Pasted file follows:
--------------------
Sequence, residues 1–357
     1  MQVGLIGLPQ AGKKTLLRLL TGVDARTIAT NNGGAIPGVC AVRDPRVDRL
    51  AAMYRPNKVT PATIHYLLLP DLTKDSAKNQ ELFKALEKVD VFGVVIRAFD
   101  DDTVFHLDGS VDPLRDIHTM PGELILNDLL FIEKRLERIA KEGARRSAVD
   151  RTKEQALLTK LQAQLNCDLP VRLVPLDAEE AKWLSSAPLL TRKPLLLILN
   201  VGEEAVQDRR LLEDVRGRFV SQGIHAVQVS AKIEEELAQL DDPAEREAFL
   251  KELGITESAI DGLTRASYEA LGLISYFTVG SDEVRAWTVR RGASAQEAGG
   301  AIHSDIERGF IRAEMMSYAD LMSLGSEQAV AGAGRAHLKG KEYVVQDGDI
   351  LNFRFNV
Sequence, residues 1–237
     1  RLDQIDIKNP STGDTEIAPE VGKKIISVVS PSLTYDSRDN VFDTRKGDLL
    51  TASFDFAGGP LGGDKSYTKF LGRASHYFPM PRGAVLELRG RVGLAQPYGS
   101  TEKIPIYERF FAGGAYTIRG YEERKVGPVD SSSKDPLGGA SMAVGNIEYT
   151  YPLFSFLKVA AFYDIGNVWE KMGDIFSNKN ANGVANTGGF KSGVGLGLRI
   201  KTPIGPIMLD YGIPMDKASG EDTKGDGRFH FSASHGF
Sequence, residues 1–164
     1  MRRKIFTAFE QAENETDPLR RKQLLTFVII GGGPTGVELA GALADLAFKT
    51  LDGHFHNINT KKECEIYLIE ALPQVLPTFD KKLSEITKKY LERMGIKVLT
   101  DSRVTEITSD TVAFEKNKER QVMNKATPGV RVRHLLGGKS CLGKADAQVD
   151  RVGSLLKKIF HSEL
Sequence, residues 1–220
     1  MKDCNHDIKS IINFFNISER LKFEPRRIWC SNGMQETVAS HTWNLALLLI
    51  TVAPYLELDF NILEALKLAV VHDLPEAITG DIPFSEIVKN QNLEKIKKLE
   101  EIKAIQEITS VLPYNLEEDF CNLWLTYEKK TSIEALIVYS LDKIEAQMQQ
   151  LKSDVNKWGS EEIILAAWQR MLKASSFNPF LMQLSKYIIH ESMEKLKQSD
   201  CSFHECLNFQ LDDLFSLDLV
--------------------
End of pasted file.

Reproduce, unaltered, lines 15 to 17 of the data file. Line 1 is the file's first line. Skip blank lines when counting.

   201  KTPIGPIMLD YGIPMDKASG EDTKGDGRFH FSASHGF
Sequence, residues 1–164
     1  MRRKIFTAFE QAENETDPLR RKQLLTFVII GGGPTGVELA GALADLAFKT